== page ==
Harold (“Doc”) Wengert was called to the Laboratory School in 1967 to develop and teach a personalized program of study for chemistry. He held not only a doctorate in science education, but also an MBA in technology management. Noting the manner in which the others were teaching their respective courses, Wengert began writing PACE or Personalized Adventures in Chemistry Education.
In 1970, he and colleague James Kelly developed a manual for environmental education titled “Pollution—Man’s Crisis: An Investigative Approach.” In 1971, Wengert began to roll out boxed modules that both teachers and students could use: “History of the Atom: Greeks to Bohr” (25 colored slides in a box—and more); “”Bohr to Schroedinger” (9 colored slides and more); “Temperature vs. Volume” (9 colored slides); “Silver Nitrate to Silver Chloride” (20 colored slides).
“Avogadro’s Number” may best illustrate what Wengert and the other Science Department faculty were trying to do with self-paced packet modules. Avogadro’s number is the number of units in one molecule of any substance (defined as molecular weight in grams), equal to 6.022140857 x 1023. The units may be electrons, atoms, or ions depending on the nature of the substance and the character of the reaction (if any). Some students quickly understood the mathematics of this number with little need to spend much time in specific study. Other students needed to see how this number was determined and could do so through a laboratory application. There were also students who needed a step-by- step, cook-bookish model to realize the same understanding. Wengert’s packet offered 3 ways to reach the concept and a carefully designed path to student success.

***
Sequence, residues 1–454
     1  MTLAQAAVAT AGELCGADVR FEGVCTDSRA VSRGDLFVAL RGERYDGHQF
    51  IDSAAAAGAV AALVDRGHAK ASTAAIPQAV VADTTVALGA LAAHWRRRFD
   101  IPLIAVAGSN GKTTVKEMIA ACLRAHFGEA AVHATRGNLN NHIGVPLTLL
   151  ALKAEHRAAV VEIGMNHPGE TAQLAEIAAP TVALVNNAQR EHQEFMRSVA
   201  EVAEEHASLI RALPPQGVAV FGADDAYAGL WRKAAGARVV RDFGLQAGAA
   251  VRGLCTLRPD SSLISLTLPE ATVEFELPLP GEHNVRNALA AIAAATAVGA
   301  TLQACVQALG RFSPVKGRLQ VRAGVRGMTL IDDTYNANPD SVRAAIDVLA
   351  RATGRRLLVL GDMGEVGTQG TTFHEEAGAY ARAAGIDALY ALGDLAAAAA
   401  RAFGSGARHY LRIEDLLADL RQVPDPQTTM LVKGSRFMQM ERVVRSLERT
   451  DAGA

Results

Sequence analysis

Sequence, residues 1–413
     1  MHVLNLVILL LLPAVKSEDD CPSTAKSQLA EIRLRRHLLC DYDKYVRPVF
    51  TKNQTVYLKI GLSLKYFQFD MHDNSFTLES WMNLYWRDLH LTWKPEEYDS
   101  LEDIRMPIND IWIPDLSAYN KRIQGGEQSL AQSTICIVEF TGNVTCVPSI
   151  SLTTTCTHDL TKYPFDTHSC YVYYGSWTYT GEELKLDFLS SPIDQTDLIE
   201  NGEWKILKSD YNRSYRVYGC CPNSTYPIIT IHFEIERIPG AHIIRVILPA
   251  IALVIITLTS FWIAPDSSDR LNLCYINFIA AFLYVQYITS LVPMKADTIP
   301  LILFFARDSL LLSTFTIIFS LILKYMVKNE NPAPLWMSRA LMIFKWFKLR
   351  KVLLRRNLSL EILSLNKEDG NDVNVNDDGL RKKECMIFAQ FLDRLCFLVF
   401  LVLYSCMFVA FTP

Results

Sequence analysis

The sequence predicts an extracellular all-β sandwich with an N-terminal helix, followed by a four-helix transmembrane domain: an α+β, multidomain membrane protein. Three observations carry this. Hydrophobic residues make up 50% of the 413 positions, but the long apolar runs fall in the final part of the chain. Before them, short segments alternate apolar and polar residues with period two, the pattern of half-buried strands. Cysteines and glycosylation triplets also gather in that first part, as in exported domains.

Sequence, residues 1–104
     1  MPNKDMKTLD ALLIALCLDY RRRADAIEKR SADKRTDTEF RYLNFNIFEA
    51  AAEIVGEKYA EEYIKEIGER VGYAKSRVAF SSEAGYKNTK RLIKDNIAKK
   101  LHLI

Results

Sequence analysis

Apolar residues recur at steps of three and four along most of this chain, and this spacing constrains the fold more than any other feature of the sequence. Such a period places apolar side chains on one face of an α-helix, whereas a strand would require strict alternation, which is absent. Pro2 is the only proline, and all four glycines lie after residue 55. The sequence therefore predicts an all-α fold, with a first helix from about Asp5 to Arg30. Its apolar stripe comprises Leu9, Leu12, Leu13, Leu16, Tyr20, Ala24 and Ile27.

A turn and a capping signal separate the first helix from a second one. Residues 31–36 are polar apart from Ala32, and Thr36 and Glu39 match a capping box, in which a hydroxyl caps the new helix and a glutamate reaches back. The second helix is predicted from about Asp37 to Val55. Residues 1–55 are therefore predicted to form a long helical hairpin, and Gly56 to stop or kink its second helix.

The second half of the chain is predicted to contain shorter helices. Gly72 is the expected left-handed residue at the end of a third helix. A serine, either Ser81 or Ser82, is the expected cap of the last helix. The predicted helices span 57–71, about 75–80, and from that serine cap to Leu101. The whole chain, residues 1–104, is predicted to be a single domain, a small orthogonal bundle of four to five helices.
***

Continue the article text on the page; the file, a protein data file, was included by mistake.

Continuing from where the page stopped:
Wengert evaluated his packets according to four student criteria: time spent on a task; adeptness with laboratory skills; writing competency; and recognizable understanding of the concepts addressed and their interconnecting associations. The teacher’s role was basically to teach one-on-one and not treat the class as a whole. Wengert’s Teachers’ Resource Manual for his Personalized Adventures in Chemical Education (PACE) ran to 326 pages.
In 1976, Wengert offered a workshop titled “Piaget and the World of Science Education” which showed how Swiss psychologist Jean Piaget’s principles of cognitive development could be integrated into science teaching. He soon was invited to serve on a Steering Committee for the Iowa State Department of Public Instruction which produced in 1980 A Tool for Assessing & Revising Science Curriculum. This valuable guide provides a step-by-step process for assessing and upgrading Iowa’s science curriculum, including a philosophy of science education and a series of goals and sub-goals:
“The science curriculum should be presented in a holistic and integrative manner that is tied to student needs, local situations, and societal issues. It should be experiential, whenever possible, so that students can practice essential skills. Therefore, every student should receive a sequentially planned science program designed to develop scientific literacy. In addition, we recommend the minimum number of minutes per week allotted to science should be as follows:
K-3: 100 minutes/week
4-6: 150 minutes/week
7-9: 250 minutes or more/week
10-12: 250 minutes or more/week”